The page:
Live to fight another day a.k.a. first 100k attempt!

On February 3, just a short time ago, I lined up at 5am with hundreds of other lost, shivering souls to take on the infamous Sean O’Brien 100k – a trail race that traverses the rugged Santa Monica mountains of Southern California. With over 13,000 ft of elevation over a mix of rocky singletrack and long fire roads, I knew it was going to be a tough first attempt at a race of this distance. Moreover, this year’s event was going to be especially competitive – as the Β SOB 100k is only one of five Golden Ticket races for a coveted Western States entry. At the start line, counting down the seconds before the horn blared, I did my best to remind myself to stay calm, enjoy the experience, and find some semblance of comfort in the knowledge that I’d put in a solid block of training to build up to this.

Everything after the start was a bit of a blur, with a few standout moments (both epically beautiful and epically catastrophic). I’ll do my best to recount:

  • Miles 0 – 6: A steep uphill climb in the pitch black. For over an hour, my world was reduced to the tiny illuminated patch of trail lit by my headlamp. Then, an amazing moment shortly after cresting the top of the climb, when the sun also rose above the mountains and lit the entire world pink. The view was amazing, and I ran along in stunned silence, scarcely believing I was fortunate enough to be doing this. At this point, I was running around 12th place in the women’s field.
  • Miles 7 – 17: A rocky singletrack rollercoaster along the Backbone trail. Lots of steep ups and downs, with lots of technical footwork. Another epic moment on a fun downhill section when Led Zeppelin’s ‘Immigrant Song’ came over my playlist, and everything was perfect. I passed a couple of women, and was running around 10th place.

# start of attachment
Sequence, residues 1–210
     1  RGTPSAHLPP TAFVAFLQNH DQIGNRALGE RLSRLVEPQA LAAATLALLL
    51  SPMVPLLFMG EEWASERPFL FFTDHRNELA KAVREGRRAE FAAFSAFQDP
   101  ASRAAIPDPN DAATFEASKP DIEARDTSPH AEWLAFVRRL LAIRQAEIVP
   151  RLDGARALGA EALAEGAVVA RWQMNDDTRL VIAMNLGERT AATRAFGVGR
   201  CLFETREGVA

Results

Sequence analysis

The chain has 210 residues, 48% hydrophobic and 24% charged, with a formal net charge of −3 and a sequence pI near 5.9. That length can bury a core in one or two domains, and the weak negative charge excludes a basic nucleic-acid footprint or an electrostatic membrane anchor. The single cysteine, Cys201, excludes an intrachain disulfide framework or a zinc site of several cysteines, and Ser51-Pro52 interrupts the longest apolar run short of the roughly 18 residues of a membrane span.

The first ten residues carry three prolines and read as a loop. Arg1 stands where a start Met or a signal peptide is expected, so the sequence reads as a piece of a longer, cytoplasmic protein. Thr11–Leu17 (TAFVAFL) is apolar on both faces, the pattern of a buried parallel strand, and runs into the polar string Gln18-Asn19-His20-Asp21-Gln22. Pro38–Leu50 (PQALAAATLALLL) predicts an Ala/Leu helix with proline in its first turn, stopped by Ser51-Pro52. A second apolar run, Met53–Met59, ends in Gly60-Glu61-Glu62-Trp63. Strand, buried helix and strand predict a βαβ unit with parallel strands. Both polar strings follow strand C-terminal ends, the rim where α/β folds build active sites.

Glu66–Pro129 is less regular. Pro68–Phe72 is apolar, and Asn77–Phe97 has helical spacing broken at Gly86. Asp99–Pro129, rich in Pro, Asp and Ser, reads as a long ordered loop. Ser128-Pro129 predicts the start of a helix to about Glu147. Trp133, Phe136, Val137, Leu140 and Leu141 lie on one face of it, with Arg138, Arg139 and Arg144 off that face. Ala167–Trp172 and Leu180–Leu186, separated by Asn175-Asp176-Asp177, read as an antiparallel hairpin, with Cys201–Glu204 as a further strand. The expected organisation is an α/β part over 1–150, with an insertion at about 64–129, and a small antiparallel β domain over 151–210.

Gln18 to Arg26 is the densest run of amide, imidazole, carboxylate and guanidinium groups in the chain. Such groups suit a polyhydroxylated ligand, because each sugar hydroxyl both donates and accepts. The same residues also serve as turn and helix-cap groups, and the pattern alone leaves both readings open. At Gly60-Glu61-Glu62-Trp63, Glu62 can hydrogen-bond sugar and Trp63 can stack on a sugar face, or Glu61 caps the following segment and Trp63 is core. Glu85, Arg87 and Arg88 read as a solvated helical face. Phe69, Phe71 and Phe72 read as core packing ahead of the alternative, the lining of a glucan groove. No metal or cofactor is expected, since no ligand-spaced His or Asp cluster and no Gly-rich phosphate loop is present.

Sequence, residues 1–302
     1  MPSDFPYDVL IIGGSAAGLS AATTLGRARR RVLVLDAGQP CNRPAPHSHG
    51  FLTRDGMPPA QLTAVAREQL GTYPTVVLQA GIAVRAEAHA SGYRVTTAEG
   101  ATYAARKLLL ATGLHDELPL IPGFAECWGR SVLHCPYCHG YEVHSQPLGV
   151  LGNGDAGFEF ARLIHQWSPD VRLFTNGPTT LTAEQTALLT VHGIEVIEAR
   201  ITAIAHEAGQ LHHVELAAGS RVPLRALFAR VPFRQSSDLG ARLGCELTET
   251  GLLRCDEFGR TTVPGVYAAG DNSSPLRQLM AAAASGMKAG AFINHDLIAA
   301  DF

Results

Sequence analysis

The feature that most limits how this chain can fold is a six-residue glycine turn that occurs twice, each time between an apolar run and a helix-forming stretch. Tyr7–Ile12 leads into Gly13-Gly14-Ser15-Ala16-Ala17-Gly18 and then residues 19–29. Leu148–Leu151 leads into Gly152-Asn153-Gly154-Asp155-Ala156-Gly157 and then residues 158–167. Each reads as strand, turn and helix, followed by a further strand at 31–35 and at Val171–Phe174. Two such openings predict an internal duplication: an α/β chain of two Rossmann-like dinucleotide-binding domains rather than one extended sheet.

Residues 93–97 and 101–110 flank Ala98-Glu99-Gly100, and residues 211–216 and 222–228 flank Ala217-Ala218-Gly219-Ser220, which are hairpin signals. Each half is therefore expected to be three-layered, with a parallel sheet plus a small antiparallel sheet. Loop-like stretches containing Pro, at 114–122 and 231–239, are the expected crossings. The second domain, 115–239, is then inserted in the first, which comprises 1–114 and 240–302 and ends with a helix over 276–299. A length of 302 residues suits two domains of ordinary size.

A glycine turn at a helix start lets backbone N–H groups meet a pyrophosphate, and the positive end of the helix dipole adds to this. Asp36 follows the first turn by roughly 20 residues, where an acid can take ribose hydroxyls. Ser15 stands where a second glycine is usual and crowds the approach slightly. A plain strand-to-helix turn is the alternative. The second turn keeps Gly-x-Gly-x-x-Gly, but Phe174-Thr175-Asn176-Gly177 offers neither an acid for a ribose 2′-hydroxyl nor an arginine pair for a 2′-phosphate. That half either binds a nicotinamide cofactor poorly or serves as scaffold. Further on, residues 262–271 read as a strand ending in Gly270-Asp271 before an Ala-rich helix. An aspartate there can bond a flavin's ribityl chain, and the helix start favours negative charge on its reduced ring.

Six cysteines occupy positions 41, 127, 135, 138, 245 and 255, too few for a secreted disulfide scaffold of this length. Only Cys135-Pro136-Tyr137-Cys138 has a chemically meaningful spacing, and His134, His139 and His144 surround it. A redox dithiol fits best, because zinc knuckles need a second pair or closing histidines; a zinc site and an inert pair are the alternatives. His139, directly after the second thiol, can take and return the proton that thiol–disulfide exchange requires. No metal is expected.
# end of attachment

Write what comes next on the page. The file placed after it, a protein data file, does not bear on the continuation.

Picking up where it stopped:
• Miles 18 – 22: Loooooong fire road downhill, from the mountains to the beach. Had fun settling into my stride, and enjoying ocean views the entire way. Continued to pass some people on the downhill, and tried to ignore the nagging thought in the back of my mind that I soon was going to have to come alllllllllll the way back up this mountain.

 

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Arriving at the Mile 22 aid station, on a beautiful (and hot!) early spring day in Southern California.
  • Miles 23 – 31. OUCH. The uphill, back from the beach to the top of the mountain. This was up very steep singletrack that wound its way through Zuma Canyon. At this point of the day, it was mid-morning and the sun was starting to beat down. There were lots of cramping, dehydrated, overheated runners that I passed along the way.
  • Mile 31: The catastrophic moment. Just after cresting the climb, I settled in for what I was (hoping) would be a nice downhill reprieve. I was feeling good, and again started passing people on the downhill. On one section of off-camber trail, I made a move to pass someone and hopped to the left side of the trail – and felt my left knee give a little. I tried to shrug it off, but in the back of my mind I knew that it didn’t feel right.